“We’re working on it voluntarily already,” said Melissa Musiker, senior manager of science policy, nutrition and health at the Grocery Manufacturers Association. In recent months, Conagra, Pepsico, Kraft Foods, General Mills, Sara Lee and others have announced that they would reduce sodium in many of their products. Pepsico has developed a new shape for sodium chloride crystals that the company hopes will allow it to reduce salt by 25 percent in its Lay’s Classic potato chips.

via FDA plans to limit amount of salt allowed in processed foods for health reasons.

Read the rest of it, including the protests from the salt industry, which argues that the more salt we eat, the more salt we excrete. The article also quotes food industry spokesmen who point out problems with cutting the salt out of many products and who observe that low-sodium products just don’t sell all that well. But the marketplace won’t matter. Especially now that the government is in charge of our health.

Doctor shortage

The complicated Rube-Goldberg chain of unintended consequences with our new health care system may be starting:

The new federal health-care law has raised the stakes for hospitals and schools already scrambling to train more doctors.

Experts warn there won’t be enough doctors to treat the millions of people newly insured under the law. At current graduation and training rates, the nation could face a shortage of as many as 150,000 doctors in the next 15 years, according to the Association of American Medical Colleges.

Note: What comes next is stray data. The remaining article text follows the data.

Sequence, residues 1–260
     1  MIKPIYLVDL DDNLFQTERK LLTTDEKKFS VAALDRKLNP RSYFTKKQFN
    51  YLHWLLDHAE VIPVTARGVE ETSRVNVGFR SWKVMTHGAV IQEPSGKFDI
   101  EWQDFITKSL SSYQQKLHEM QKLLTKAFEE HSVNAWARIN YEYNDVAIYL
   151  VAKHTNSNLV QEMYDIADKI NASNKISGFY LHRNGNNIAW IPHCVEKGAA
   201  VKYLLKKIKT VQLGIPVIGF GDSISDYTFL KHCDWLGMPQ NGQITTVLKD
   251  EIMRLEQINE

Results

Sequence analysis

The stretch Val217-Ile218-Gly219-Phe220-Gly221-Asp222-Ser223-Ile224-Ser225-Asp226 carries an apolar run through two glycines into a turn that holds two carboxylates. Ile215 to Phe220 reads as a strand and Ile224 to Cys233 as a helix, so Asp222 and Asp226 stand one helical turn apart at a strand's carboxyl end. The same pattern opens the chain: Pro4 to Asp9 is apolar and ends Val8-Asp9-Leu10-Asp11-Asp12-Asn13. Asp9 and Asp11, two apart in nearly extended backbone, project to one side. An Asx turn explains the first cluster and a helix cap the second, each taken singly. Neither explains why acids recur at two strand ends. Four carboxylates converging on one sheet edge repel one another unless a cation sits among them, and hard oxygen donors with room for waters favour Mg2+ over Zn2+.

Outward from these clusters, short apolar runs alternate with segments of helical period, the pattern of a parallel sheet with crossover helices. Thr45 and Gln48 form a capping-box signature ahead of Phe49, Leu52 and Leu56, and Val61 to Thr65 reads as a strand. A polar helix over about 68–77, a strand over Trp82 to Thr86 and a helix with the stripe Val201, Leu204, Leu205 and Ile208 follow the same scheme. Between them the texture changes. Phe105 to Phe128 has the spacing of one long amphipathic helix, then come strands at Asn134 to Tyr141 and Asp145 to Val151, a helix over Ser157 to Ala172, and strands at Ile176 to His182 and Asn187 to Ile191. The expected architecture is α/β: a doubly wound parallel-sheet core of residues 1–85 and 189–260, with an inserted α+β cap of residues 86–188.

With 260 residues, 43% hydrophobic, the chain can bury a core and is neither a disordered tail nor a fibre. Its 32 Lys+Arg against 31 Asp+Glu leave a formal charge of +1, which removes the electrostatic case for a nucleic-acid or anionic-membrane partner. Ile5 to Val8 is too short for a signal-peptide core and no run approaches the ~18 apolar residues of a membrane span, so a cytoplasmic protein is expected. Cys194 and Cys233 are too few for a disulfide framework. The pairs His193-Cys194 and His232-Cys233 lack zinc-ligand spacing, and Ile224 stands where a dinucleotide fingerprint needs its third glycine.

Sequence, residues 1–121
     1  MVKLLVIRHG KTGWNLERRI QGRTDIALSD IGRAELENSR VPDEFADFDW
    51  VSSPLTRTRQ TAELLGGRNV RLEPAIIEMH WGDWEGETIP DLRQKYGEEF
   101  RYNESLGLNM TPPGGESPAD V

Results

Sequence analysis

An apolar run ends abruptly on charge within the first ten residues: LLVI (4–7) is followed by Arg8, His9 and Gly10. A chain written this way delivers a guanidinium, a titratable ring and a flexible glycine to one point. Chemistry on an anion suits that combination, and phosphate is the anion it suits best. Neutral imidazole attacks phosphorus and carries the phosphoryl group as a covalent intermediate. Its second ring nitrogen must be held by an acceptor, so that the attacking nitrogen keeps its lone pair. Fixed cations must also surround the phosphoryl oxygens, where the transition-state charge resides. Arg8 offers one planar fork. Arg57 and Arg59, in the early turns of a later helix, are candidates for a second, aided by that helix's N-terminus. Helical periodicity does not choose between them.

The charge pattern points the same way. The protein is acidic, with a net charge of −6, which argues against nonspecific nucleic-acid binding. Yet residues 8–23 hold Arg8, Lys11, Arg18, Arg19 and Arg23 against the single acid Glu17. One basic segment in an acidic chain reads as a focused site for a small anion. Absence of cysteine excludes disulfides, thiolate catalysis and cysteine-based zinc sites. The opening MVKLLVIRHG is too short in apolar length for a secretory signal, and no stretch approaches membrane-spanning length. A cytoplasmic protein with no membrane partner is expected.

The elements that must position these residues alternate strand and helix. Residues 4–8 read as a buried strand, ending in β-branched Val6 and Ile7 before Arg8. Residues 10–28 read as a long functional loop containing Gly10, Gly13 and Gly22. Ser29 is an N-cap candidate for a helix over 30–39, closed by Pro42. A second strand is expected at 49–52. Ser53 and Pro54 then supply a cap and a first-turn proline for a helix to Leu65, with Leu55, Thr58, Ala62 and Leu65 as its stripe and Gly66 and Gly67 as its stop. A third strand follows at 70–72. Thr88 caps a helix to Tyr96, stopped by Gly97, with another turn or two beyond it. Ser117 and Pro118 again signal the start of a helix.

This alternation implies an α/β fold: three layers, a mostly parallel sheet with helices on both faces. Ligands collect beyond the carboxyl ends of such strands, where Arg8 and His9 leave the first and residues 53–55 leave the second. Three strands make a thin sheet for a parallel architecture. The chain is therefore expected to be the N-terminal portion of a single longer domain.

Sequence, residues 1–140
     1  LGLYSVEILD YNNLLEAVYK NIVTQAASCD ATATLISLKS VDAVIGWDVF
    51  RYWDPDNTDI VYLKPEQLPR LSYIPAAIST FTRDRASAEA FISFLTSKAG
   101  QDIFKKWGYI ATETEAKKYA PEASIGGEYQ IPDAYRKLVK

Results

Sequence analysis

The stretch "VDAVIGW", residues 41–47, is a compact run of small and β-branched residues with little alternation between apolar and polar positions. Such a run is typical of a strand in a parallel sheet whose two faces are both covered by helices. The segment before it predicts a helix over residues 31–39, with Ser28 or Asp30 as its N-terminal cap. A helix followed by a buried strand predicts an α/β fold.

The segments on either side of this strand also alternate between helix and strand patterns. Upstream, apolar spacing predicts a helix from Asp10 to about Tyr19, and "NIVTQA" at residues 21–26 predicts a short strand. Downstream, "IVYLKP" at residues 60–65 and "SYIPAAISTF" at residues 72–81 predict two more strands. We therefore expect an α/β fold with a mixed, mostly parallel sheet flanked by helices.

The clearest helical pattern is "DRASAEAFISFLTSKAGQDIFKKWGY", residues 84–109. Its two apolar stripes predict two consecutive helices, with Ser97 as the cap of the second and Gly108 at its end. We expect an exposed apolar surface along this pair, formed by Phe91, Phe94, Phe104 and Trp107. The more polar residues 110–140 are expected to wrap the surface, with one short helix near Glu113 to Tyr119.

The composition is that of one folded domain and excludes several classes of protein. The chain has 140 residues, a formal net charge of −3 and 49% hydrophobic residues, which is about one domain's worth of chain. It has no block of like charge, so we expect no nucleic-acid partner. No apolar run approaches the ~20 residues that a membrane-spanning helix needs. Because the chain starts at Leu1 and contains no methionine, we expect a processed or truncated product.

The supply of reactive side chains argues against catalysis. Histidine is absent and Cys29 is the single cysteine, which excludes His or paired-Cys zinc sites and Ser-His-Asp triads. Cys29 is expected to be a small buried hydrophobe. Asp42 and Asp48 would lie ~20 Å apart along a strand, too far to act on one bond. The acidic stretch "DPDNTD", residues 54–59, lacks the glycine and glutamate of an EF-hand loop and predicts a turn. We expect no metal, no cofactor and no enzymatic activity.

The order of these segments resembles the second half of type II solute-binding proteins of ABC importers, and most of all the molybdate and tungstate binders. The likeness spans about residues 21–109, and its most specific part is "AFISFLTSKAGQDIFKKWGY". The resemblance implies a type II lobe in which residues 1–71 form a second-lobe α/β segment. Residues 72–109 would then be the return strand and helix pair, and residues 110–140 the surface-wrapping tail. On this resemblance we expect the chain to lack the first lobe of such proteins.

That shortfall is predicted despite a push by teaching hospitals and medical schools to boost the number of U.S. doctors, which now totals about 954,000.

The greatest demand will be for primary-care physicians. These general practitioners, internists, family physicians and pediatricians will have a larger role under the new law, coordinating care for each patient.

The U.S. has 352,908 primary-care doctors now, and the college association estimates that 45,000 more will be needed by 2020. But the number of medical-school students entering family medicine fell more than a quarter between 2002 and 2007.

A shortage of primary-care and other physicians could mean more-limited access to health care and longer wait times for patients.

Proponents of the new health-care law say it does attempt to address the physician shortage. The law offers sweeteners to encourage more people to enter medical professions, and a 10% Medicare pay boost for primary-care doctors.

Meanwhile, a number of new medical schools have opened around the country recently. As of last October, four new medical schools enrolled a total of about 190 students, and 12 medical schools raised the enrollment of first-year students by a total of 150 slots, according to the AAMC. Some 18,000 students entered U.S. medical schools in the fall of 2009, the AAMC says.

But medical colleges and hospitals warn that these efforts will hit a big bottleneck: There is a shortage of medical resident positions. The residency is the minimum three-year period when medical-school graduates train in hospitals and clinics.

There are about 110,000 resident positions in the U.S., according to the AAMC. Teaching hospitals rely heavily on Medicare funding to pay for these slots. In 1997, Congress imposed a cap on funding for medical residencies, which hospitals say has increasingly hurt their ability to expand the number of positions.